The issue of whether the Lions scored a try against the Blues in their Round five match has taken a new turn as SARU General Manager of Referees Andre Watson has revealed that they have asked the IRB to make a ruling on it.
Lions centre Deon van Rensburg lost the ball as he got to the tryline when he was tackled by Blues wing Charles Piutau and then Lions fullback Coenie van Wyk dropped onto the ball to score a try after it had rolled forward in the in-goal area.
South African referee and the TMO Johan Greeff looked at footage of the incident and Berry eventually awarded the try to the Lions.
The Blues lost the match 39-36 and then went to SANZAR's referee manager Lyndon Bray to ask about the incident and he said that the try should not have been awarded and a knock on should have been ruled.
"We have decided from a SANZAR perspective that it should be ruled as a knock-on," Bray said earlier this week.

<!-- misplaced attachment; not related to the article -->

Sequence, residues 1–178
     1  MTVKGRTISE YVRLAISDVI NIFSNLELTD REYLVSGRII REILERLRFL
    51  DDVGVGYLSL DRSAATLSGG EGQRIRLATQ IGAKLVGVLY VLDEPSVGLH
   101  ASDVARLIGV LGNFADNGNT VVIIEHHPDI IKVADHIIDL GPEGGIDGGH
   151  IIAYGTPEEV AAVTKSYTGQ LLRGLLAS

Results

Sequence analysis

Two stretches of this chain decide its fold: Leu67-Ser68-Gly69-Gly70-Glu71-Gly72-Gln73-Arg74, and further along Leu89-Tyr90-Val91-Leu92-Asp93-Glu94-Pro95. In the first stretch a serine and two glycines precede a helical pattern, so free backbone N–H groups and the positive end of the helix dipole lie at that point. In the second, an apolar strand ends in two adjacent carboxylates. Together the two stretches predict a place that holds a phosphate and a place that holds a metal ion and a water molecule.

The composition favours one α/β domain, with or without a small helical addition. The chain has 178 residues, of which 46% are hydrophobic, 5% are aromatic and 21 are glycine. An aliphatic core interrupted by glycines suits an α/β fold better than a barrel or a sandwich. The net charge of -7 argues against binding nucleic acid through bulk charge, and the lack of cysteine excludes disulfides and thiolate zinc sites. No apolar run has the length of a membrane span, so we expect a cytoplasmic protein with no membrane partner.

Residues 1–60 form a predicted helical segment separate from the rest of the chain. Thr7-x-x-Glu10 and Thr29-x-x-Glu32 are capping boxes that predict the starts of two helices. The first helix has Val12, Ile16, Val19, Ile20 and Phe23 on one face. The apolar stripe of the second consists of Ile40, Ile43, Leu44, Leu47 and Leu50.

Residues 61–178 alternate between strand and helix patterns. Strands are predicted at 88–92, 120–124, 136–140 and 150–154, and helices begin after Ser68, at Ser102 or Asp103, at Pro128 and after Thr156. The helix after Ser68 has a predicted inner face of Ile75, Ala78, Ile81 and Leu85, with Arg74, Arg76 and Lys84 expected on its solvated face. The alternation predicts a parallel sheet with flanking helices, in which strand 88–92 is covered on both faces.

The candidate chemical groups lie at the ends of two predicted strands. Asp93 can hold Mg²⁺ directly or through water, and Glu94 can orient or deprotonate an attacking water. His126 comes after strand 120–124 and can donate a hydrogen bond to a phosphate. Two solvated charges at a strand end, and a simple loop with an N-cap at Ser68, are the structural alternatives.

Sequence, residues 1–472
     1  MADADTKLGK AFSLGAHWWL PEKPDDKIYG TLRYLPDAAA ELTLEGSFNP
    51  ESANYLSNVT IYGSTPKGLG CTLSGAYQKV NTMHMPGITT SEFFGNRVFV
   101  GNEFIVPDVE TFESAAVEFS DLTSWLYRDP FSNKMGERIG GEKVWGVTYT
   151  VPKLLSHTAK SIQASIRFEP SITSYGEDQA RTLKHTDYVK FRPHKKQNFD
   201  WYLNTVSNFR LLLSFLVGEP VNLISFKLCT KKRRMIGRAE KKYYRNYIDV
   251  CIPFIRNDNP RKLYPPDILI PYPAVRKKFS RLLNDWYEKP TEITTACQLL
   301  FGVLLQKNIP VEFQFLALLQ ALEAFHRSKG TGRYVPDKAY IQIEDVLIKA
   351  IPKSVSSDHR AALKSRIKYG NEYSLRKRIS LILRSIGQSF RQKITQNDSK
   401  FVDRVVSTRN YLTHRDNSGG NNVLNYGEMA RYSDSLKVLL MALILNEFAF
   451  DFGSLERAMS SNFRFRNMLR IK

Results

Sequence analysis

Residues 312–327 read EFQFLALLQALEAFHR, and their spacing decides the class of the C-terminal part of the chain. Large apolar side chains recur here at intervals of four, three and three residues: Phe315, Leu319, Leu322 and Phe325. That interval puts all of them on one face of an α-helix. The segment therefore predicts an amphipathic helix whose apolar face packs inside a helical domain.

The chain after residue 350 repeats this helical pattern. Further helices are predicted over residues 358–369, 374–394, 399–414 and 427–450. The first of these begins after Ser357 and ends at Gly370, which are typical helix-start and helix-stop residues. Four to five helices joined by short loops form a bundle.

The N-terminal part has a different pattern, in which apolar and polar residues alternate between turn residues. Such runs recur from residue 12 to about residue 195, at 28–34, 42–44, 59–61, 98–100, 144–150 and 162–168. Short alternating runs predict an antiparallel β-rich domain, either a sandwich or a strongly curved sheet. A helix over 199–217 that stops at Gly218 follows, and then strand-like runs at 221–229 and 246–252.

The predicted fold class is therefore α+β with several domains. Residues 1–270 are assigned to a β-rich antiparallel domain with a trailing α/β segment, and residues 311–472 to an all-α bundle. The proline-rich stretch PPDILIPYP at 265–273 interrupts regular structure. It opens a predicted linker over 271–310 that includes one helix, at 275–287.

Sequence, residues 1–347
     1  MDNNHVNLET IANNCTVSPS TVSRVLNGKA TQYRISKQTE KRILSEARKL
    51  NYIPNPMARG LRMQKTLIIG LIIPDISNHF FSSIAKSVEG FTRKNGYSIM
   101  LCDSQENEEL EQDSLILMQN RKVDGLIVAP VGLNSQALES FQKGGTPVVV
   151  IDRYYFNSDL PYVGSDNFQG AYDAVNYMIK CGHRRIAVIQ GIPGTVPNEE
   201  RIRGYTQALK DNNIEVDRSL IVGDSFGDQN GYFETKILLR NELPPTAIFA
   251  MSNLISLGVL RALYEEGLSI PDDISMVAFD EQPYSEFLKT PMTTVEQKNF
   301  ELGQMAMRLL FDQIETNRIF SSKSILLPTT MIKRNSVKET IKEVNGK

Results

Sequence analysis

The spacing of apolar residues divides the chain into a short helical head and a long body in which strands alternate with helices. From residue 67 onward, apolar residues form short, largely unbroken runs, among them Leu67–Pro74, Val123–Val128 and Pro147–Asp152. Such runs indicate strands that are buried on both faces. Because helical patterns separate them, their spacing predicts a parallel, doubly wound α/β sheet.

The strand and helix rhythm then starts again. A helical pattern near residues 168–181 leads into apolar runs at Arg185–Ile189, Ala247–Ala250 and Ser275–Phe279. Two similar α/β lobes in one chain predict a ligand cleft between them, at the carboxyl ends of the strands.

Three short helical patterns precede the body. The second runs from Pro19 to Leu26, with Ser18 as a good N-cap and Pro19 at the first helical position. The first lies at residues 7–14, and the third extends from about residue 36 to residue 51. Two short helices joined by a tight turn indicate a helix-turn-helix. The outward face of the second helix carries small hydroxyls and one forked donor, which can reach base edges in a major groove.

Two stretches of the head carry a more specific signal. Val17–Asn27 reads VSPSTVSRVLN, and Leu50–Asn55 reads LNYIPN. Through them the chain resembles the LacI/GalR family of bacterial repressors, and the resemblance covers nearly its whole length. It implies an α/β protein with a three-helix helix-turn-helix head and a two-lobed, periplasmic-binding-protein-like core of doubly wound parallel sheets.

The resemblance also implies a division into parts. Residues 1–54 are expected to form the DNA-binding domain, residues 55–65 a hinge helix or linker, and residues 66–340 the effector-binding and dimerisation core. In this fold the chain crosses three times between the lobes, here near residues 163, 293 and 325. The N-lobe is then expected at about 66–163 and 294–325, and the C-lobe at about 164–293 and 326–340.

"The onus of responsibility in this case is on the ball carrier to maintain possession through to the completion of the tackle because the Blues player is generally attempting to tackle the Lions player."
"I think from a rugby perspective that aligns that decision to how the referee may well have awarded that throughout the field of play."
However SARU and Watson see the incident in a different way and the former Referee says that it was not clear that Van Rensburg had lost the ball or if it was dislodged
"I believe it was not a contentious issue from a refereeing point of view but rather from a law perspective, " Watson told Sport24.
"The knock-on law is very clear: a player needs to lose possession, with the ball then travelling in a forward direction. "
"However, the debate with regard to this specific incident revolves around whether the ball-carrier lost the ball or whether the ball was dislodged from his grasp as a result of the action of the tackler.
"While SANZAR have issued a statement saying the try should not have stood, we at SARU have referred the matter to the IRB and are awaiting a ruling. "
"The debate is currently hanging in the air as two contrasting opinions currently exist," said Watson.